“We need the state government to take language access seriously. This starts with enforcing civil rights laws and state language access laws. We need the government to increase support for the Hawaii Office of Language Access (OLA), which was designed to implement and enforce those laws. OLA should be able to offer in-person interpreters who can travel to people’s homes”, tells the Chuukese interpreter Philios Uruman, who complains about the difficulties that people from Micronesia find when they arrive in Hawaii.
“Confusion and lack of access to health care meant that Micronesians accounted for one-third of all COVID-19 cases in Hawaii, making us five times more likely to catch the virus. Of course we weren’t informed; everything on the news is in English”.
Impact of linguistic exclusion in elections
In 2018, consultants believed that language accommodation – or the lack thereof – could swing 20 competitive congressional elections. Yet, outside immigrant-advocacy circles, few seem to have noticed.
Dan Miller, a senior data analyst at Global Strategy Group, a polling company linked to democratic politicians, considered the importance of the unaccommodated LEP voters: “Ballot materials not being available in a usable form for even 5 percent of the population could make a difference. It’s especially important this year, because there’s some possibility that control of the House could be decided by only a few seats”.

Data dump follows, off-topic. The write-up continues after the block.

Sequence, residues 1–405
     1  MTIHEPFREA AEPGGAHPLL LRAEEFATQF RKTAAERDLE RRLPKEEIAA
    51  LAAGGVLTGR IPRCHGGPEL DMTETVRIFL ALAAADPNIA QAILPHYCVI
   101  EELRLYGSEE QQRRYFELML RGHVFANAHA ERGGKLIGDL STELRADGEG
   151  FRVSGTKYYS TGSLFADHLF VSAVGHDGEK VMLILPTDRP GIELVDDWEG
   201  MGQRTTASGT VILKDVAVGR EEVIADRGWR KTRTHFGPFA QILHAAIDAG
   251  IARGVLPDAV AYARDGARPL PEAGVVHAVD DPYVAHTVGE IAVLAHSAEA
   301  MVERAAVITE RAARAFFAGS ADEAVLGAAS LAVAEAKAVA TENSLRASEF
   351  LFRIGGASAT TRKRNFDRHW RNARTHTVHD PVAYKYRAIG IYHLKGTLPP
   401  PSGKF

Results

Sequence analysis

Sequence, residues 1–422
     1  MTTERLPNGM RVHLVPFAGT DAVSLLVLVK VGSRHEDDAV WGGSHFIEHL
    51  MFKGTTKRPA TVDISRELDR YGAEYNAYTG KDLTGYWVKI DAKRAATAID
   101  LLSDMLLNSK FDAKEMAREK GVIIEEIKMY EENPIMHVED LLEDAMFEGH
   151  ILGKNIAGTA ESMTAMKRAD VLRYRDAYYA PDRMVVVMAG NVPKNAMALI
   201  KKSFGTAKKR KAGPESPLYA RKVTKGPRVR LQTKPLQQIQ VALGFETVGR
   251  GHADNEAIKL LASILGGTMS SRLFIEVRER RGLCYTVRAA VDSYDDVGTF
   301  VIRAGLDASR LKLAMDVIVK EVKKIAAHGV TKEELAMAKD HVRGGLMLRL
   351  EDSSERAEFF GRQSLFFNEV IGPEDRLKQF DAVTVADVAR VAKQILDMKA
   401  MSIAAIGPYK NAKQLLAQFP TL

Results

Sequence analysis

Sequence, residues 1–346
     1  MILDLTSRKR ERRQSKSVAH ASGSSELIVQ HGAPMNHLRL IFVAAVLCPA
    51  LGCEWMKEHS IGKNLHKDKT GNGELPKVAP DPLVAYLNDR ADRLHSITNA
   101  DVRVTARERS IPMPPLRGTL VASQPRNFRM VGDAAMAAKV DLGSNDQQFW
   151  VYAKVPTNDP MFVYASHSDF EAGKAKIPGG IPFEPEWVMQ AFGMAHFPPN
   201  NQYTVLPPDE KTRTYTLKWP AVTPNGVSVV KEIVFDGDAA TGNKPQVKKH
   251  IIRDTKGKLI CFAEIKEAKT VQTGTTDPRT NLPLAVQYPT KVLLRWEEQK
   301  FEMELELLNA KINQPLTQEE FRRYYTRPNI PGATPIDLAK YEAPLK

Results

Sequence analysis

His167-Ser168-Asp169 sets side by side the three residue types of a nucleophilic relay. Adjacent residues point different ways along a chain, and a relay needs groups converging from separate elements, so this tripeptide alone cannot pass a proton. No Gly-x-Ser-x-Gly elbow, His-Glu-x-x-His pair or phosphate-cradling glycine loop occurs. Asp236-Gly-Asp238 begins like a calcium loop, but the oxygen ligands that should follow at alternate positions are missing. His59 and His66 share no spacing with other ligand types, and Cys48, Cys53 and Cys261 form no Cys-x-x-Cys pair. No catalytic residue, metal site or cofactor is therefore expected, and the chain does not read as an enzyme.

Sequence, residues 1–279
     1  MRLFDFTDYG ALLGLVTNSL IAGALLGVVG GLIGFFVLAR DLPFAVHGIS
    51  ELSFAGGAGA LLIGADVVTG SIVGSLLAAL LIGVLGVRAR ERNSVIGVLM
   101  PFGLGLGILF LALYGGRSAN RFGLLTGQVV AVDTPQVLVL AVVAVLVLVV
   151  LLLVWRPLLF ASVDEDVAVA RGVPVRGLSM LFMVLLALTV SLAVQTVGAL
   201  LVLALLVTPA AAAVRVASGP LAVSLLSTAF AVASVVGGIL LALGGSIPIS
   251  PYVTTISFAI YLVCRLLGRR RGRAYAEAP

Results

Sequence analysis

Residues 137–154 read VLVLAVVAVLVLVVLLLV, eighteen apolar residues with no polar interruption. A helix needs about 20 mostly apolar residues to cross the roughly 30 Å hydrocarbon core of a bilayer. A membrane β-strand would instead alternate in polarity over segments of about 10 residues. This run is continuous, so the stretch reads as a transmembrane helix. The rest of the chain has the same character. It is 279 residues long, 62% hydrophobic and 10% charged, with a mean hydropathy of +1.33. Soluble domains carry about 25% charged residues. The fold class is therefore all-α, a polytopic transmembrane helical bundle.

Also, Kristen Clarke, president of the Lawyers’ Committee for Civil Rights Under Law, addressed these difficulties: “At the end of the day, without meaningful language assistance, many voters simply would not be able to cast a meaningful and effective ballot”.
Although Section 203 – added in 1975 in the Voting Rights Act – provides that “whenever any State or political subdivision [covered by the section] provides registration or voting notices, forms, instructions, assistance, or other materials or information relating to the electoral process, including ballots, it shall provide them in the language of the applicable minority group as well as in the English language”, reality shows that this is not working in practice.
Two decades and waiting
22 years later, there is a significant part of the American population that is still feeling excluded by language and who are calling on federal agencies to be proactive and deal with these issues that create access barriers to public services and resources. The need to identify these issues, and to develop and implement systems that provide these services, is still strongly present. LEP people deserve meaningful access to these resources, and with the availability of professional linguists, interpreters, and translators, there is no justification to continue putting it off.
A few years ago, one voter was accused of trying to influence another man’s vote while translating the monolingual English ballot into Spanish for a LEP man who was also waiting in line to cast his vote. Poll workers called over a police officer who resolved the situation by ordering them not to talk in line. As the accused man put it, “I feel like it’s time that we have bilingual ballots, and if we had them, this situation would’ve never gone down. It doesn’t cost much to get a simple ballot translated… Why is it our county hasn’t done it?” We can’t help but agree.